Just Like Old Times

Kenya visit, Wed 7th March 2018

I’d been looking forward to the Museum Wednesday Bird Walk with Fleur Ng’weno and it was just like old times.

We meet at the Nairobi racecourse, about 18-20 people, mainly museum trainees and guides. We don’t move far from the cars, as sightings are continuous.

African green pigeons are spotted first, lovely colourful birds. We list about 60-70 birds altogether. Migrants are still around: black caps, European bee-eaters and warblers.

Familiar African weavers, golden, grosbeak and baglefecht; bulbuls (I remember on my first ever bird walk with Fleur way back in the ’80s, being so excited at my first bulbul spotting, and Fleur patiently showing me how to find it with my new binoculars). Bronze and collared sunbirds busy themselves among the flowering trees. A crested eagle, fish eagles (I’ve never seen them in the city before), swifts and martins. Fleur spots a yellow throated long claw near the home straight of the racecourse, pointing in her familiar pose. You can see it’s been raining.

I have to leave at noon as I’d inadvertently locked the maid out of Anthea’s house. I have a quick shower, then go off to join Fleur for a sandwich lunch at the Museum.

The new Chinese tangle of roads at the junction filled me with confusion. I missed the turning to the museum (needless to say, there were no signposts) so had to go a very long way round.

Fleur had lost weight, after a heart replacement in the US, and had missed a few bird walks as a result. But she was very chirpy as we sat in the museum cafetaria, exchanging news. Outside, a Women’s Day function was in full swing. She directed me to the smart new Kenya Museum Society offices and I offered them 4 books to sell on commission. Astonishingly, VAT is charged on books in Kenya.

Leaving the museum on the way back to Kenton College, I took a wrong turning before the interchange and found myself crawling up the dual carriageway towards the city centre, inch by inch. At church corner, I doubled back past the United Kenya Club, turned right down Arboretum Road and up to Kenton College.

Ben Kadima was waiting for me at the gate of Anthea’s block of flats. It was good to catch up with him and reminisce about old times when he was my valuable technician in the computer lab at Hillcrest Secondary School. He looks well. His wife died a few years ago leaving him to care for two sons and twin daughters of 15. After a fiasco at a parastatal when he was framed for fraud, and had to use a pro bono lawyer to clear his name, he’s been freelancing IT and networking services. The political situation, and nervousness at what the politicians are going to do next – has caused an anxious slow-down of business. The country appears to be on a knife-edge and nobody can guess what will happen.

Before he left, Ben had a text asking him to go to Ongata Rongai to talk about completing a paused contract to install IT links in a new housing estate – a government requirement. So maybe things are looking up.

Anthea meanwhile had taken the car for a veggie/fruit shop for the weekend. She makes a delicious chicken /manche toux stir fry with baked potatoes and avocado and tomato salad for supper.

My legs are beginning to ache and I look forward to an early night.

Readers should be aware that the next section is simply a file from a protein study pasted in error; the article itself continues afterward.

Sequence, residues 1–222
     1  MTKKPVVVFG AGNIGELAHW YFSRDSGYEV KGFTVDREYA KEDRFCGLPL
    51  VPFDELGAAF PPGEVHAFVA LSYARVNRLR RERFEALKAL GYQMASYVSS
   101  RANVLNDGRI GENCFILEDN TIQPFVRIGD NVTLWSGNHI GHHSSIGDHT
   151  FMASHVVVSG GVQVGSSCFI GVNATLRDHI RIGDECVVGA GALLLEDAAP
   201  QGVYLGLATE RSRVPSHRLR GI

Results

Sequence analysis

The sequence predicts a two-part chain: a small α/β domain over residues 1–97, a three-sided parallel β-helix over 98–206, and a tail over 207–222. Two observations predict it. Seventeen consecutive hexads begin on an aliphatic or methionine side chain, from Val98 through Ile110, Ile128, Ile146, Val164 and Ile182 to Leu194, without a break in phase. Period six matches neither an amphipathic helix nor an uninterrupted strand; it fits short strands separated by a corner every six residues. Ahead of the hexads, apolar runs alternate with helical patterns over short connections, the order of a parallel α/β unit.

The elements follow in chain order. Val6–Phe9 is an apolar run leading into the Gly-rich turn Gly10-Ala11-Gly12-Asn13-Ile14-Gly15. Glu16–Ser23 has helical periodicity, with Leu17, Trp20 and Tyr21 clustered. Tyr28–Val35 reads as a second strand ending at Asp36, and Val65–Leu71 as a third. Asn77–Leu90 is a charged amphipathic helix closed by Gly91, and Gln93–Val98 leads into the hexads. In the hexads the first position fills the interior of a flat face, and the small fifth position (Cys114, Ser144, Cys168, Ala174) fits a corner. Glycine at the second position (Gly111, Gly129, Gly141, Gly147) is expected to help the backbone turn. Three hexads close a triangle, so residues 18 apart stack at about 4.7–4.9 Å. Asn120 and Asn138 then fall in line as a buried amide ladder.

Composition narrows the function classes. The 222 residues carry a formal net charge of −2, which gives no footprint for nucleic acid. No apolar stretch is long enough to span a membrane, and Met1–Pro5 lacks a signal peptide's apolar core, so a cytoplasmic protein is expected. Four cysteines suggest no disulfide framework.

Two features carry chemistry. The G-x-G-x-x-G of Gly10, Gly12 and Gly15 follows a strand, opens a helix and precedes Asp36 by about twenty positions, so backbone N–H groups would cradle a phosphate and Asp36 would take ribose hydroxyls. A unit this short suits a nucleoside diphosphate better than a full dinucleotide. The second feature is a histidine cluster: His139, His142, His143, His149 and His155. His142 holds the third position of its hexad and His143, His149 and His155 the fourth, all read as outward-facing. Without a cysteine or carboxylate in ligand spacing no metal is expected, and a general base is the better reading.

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Trails and Trials

Welcome to a long-standing friend Maretha Botha, author of lovely children’s books set in down-to-earth Africa. My mouth is watering at the thought of your delicious pasta dish, Maretha – over to you…


Thank you so much for having me on your blog, Jane. I would like to tell you a bit more about myself and “Trails and Trials: An African Adventure” – the fourth book in the Fauna Park Tales Series. I’m an Italian National who grew up in South Africa and lived in Botswana for several years. I love expresso, and of course, pasta – just with olive oil and a bit of grated cheese, or a tasty Pasta Vongole with a few clams, cherry tomatoes, sprinkled with olive oil – an easy dish when I’m busy illustrating. Stopping to cook a fancy meal for hubby, might destroy the image in my head.

However, when I hit a blank – either with illustrating or writing the next big adventure – gardening also gives me a welcome break. Simply taking photos of what the garden has on offer or getting down and dirty, and doing some digging do wonders to kickstart my rusty brain!



In a way, “Trails and Trials: An African Adventure”, demonstrates my writer’s journey since 2012 – also filled with all sorts of ups and downs after my post as an assistant librarian was localised at one of the schools in Gaborone, Botswana. When I got over the initial shock of not having a job to go to after the short Easter break, I began to unearth all the bits and pieces I’ve written through the years.

With so much inspiration everywhere – we lived on the edge of a game reserve nestling in a valley surrounded by low undulating hills on three sides and a small rural village on the other side – it was only a matter of time before a new world began forming in my head.

Most of the local villagers keep chickens, donkeys, goats and cattle, and many found a way into the stories told in Fauna Park Tales.

cowThe sand has an incredible ochre colour, and herds of cattle constantly move back and forth in search of new grasslands. Of course, the goat herds are very large, and they too, eat a lot. So, during the dry season, food and water often become scarce. Many times, we gave the cows water at night, because they would hang about our outer fence until we responded!